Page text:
Council's massive land use shake-up

Latrobe City Council. file photograph

Latrobe City Council. file photograph

Latrobe City Council heard from 20 speakers at a special meeting on Monday night to receive public submissions on the single largest planning revision undertaken by a Gippsland council in terms of scope of land affected.

The amendments to the Latrobe Planning Scheme involve widespread rethinking of land use strategies in what a council report described as a deliberate and controversial intervention "in the present trajectory of growth and development of Latrobe City".

The amendment comprises a number of zoning and overlay changes in three key areas including housing, industry and employment, and rural land use, affecting most areas of the municipality.

Council said the changes were designed to secure long-term job creation and industry diversification amidst the region's "rapidly changing economic landscape".

The proposed amendments were open for public exhibition between March 22 and May 11 and council received 157 written responses.

In a report prepared for Monday's special meeting, council acknowledged "elements of the amendment are controversial and [are] likely to affect members of the community in different ways".

An independent planning panel will compile a report alongside council's recommendations to reduce the risk of potential or perceived conflicts of interest from staff or councillors due to the extensive proposed changes across the municipality.

During the exhibition period, council distributed 12,040 direct notices to owners and occupiers of properties considered to be most impacted by the changes, and held 11 all-day information sessions.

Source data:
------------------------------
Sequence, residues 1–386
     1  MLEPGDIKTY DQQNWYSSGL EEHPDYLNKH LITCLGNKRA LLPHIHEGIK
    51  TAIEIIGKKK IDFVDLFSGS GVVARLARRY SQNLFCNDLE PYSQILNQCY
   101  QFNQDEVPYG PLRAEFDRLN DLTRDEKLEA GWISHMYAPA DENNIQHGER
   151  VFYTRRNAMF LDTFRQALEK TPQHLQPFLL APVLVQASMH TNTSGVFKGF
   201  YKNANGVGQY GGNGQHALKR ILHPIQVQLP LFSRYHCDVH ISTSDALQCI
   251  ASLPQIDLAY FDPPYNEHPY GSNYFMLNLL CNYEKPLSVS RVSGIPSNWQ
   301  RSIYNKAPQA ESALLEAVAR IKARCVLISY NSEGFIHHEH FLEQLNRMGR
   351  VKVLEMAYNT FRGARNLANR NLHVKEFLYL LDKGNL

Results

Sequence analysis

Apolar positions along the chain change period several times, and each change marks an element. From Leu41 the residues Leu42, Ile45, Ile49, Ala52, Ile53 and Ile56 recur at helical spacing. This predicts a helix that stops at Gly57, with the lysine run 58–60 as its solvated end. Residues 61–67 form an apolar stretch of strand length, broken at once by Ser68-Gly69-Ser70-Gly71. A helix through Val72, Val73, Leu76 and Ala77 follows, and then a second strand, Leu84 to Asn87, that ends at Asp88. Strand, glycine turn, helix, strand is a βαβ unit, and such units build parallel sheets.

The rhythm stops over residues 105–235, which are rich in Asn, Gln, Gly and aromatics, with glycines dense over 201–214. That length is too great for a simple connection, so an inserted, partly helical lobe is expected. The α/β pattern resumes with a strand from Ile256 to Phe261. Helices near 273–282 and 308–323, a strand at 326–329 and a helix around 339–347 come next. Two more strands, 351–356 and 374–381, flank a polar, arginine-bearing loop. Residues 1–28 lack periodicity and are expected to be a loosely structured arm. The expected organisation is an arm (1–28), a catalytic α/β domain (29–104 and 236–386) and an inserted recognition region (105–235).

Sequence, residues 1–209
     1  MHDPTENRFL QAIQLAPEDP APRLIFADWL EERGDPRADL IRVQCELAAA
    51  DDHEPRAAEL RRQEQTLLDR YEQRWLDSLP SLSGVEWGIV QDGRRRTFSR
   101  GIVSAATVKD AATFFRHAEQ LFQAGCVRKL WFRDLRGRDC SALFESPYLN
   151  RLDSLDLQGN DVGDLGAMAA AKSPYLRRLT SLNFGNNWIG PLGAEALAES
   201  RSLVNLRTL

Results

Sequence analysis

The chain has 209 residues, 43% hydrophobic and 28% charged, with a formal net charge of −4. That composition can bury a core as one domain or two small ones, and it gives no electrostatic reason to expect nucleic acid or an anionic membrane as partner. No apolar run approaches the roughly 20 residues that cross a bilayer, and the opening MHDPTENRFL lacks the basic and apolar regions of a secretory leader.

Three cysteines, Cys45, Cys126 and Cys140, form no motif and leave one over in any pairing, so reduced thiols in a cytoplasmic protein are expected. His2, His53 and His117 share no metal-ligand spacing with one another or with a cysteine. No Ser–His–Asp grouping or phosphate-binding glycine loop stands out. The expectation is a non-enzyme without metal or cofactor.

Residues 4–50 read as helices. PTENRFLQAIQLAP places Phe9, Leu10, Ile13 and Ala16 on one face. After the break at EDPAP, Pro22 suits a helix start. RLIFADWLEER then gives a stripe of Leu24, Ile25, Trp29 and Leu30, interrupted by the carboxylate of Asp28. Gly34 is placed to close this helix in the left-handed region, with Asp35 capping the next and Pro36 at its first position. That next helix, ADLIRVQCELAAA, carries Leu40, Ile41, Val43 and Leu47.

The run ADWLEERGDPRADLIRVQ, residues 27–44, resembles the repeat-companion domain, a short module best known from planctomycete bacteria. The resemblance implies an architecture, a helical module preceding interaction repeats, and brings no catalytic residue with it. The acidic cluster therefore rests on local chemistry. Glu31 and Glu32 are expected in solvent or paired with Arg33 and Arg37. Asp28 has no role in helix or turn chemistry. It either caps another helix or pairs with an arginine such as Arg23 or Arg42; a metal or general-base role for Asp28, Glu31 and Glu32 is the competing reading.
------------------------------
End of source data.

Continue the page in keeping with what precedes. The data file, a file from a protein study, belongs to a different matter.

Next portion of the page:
Among the 157 written responses, council received submissions from Federation University, the Environment Protection Authority, West Gippsland Catchment Management Authority, Baw Baw Shire Council, the Department of Economic Development, Jobs, Transport and Resources, Energy Australia, the Country Fire Authority, Victorian Farmers Federation, a number of community members and residents, and many more.

Latrobe City Council chief executive Gary Van Driel said council heard speakers who were supportive of the amendment at the special meeting and speakers who objected to the proposals.

"A number of residents were concerned about proposed changes to the rezoning of land in some areas from rural living to farming zone and the potential impact this might have on property values," he said.

"As the Live Work Latrobe project has significant potential impacts on the way our community lives, where we build in future and how we attract investment to our region over the next 20 years or so, council has decided that it needs more time to consider the report and further reflect on the community's feedback, support and concerns."

A second special council meeting will be held on July 30 to consider postponing the requirement for the formal resolution to be made at the August council meeting, which will allow a longer period to reflect on submissions.

For more information about the proposed changes or to review the report, visit  

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